Having an informational edge means having access to people, facts, or data that others don’t have. For example, local investors often have an informational edge over those that fly in to a country to invest or those that invest in a country from abroad because their on the ground presence lets them spend more time meeting with founders and collecting information about what interesting startups are working on.

Having an analytical edge means that you rely on the same information as others but have a unique insight which lets you arrive at a different conclusion based on the same information. Your perspective is your edge. Being able to see the second or third order effects of a particular action within a system is an example of an analytical edge. However, as this example shows, although these second or third order effects may escape most people, a small number of others will also likely see them. So having an analytical edge is pretty rare.

Having a behavioral edge means that you’re not exposed to an emotional shortcoming that disadvantages other investors. Examples of this include being able to invest in a founder or domain that other investors shy away from due to deeply ingrained prejudices, or investing over a longer time horizon than others.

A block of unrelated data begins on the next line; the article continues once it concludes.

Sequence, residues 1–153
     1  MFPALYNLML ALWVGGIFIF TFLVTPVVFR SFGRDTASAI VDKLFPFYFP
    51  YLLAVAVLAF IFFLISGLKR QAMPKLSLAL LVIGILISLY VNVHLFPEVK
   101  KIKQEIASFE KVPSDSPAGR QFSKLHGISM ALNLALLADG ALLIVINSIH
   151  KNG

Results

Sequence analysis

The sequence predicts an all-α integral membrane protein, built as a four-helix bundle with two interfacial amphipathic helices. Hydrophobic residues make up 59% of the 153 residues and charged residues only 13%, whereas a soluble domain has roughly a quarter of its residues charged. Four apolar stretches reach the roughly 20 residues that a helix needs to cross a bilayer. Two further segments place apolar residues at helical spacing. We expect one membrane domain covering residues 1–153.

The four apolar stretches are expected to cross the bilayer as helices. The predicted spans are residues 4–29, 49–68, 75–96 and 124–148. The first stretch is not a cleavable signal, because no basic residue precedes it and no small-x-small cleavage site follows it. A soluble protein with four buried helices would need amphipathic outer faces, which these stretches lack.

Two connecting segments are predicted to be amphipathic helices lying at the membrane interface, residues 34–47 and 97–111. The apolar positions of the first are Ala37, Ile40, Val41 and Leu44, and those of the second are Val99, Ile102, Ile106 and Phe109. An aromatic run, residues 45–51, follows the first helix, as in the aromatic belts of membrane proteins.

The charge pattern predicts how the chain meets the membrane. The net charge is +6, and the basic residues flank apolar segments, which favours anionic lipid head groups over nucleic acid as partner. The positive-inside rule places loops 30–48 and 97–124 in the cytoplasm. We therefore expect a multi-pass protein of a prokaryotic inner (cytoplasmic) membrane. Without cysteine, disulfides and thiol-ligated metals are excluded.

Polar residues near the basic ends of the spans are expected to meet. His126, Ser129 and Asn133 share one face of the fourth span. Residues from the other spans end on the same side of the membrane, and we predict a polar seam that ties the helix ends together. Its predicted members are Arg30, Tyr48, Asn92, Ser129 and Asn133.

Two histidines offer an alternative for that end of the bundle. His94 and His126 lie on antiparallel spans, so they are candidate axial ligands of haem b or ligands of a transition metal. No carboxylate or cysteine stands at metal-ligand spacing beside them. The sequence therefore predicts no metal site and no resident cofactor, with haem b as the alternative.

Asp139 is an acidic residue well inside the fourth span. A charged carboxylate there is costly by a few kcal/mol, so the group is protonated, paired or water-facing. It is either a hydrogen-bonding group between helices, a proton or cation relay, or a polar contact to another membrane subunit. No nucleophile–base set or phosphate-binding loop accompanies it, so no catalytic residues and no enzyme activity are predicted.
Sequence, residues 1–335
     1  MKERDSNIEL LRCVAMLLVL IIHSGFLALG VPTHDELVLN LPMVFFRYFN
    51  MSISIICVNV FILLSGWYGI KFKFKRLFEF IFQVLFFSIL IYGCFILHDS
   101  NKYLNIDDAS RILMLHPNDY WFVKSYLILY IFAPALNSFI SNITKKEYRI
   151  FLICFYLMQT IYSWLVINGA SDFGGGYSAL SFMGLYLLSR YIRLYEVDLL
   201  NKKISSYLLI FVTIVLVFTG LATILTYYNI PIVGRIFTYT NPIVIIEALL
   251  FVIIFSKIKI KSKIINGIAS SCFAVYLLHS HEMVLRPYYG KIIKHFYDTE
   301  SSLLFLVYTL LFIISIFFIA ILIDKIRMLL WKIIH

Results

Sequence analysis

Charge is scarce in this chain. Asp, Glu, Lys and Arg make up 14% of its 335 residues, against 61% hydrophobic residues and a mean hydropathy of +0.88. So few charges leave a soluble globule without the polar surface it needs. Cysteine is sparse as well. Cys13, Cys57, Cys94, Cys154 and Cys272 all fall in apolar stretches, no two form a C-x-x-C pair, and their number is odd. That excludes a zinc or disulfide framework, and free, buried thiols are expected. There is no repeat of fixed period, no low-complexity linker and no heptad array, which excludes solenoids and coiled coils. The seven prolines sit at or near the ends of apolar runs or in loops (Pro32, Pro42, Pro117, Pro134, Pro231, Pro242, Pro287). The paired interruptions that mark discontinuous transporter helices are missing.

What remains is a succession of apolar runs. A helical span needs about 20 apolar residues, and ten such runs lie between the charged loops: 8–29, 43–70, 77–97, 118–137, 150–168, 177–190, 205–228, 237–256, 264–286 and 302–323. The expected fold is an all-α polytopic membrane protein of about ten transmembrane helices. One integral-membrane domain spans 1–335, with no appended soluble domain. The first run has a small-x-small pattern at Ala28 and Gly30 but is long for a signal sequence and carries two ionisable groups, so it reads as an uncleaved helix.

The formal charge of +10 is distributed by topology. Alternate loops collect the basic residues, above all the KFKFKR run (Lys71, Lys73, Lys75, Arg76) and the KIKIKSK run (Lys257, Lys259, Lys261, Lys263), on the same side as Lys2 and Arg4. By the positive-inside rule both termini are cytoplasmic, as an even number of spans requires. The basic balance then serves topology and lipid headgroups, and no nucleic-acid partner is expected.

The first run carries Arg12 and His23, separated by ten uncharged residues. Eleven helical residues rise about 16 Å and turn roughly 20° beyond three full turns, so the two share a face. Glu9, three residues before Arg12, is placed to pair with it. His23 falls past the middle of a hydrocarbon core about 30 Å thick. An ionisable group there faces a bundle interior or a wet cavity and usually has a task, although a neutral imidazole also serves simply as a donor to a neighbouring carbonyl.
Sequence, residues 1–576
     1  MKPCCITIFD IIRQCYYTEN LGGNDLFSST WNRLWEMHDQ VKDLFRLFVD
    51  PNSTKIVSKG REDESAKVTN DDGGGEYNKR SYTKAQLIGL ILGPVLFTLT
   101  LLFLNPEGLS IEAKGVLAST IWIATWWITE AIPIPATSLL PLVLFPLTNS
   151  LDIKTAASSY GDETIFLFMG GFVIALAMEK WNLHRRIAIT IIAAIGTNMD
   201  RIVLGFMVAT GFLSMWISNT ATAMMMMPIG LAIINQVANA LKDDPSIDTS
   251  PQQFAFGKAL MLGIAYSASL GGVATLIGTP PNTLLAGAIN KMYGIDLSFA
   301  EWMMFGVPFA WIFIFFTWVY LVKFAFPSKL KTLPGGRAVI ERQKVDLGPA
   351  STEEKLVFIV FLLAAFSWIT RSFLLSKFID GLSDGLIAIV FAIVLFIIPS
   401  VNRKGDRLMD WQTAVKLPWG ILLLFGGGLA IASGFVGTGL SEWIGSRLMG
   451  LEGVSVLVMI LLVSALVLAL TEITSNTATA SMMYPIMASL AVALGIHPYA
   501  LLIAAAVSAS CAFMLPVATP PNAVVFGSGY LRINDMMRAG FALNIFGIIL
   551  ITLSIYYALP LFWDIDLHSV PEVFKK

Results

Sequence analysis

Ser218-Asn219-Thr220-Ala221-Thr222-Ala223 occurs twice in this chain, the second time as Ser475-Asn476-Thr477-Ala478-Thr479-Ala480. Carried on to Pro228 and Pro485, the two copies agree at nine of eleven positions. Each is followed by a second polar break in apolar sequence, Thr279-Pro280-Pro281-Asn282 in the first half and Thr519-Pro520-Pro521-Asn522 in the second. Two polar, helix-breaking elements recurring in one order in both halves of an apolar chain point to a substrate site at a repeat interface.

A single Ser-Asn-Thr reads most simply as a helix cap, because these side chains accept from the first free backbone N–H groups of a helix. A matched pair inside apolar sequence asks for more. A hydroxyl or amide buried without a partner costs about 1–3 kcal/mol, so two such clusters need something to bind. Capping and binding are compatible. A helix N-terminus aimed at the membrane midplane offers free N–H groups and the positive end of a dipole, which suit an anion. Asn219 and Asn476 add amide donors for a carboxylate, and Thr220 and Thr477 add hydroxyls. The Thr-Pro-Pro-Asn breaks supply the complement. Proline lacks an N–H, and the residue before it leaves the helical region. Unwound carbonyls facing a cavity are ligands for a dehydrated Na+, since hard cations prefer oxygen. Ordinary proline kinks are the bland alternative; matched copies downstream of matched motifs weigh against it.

If you don’t have an informational edge, an analytical edge, or a behavioral edge when making an investment, the investment can still be successful. However, your success will be due to luck, not skill. And in the long run, luck cancels out.

So, before making an investment, it’s useful to ask which, if any, of these competitive edges are letting you capture an opportunity that others are missing.

The impact of accessing autonomous electric vehicles

Here’s an 11 minute video from the Morgan Stanley Research team which quantifies the different impacts that our transition to accessing autonomous electric vehicles will have relative to the status quo of owning human-driven fossil-fueled vehicles.

Whether you look at it from the perspective of saving lives, time, or money, or the new opportunities which emerge as a result of the transition, the changes are significant.

I couldn’t embed the video in this post but you can watch it at this link.


Tala, where we invested through the Female Founders Fund AngelList syndicate, is a mobile banking solution for underserved customers in emerging markets. The company analyzes a customer’s smartphone data to offer its first product, loans, to its customers.

Shivani Siroya, Tala’s founder, talks about Tala in this This Week in Startups interview hosted by Jason Calacanis. In the interview, Shivani shares valuable insights about the signals, including non-obvious ones, which predict loan repayment rates. She also offers some quantitative data about variables like Tala’s loan sizes, interest rates, and repayment rates.

You can watch the full interview below.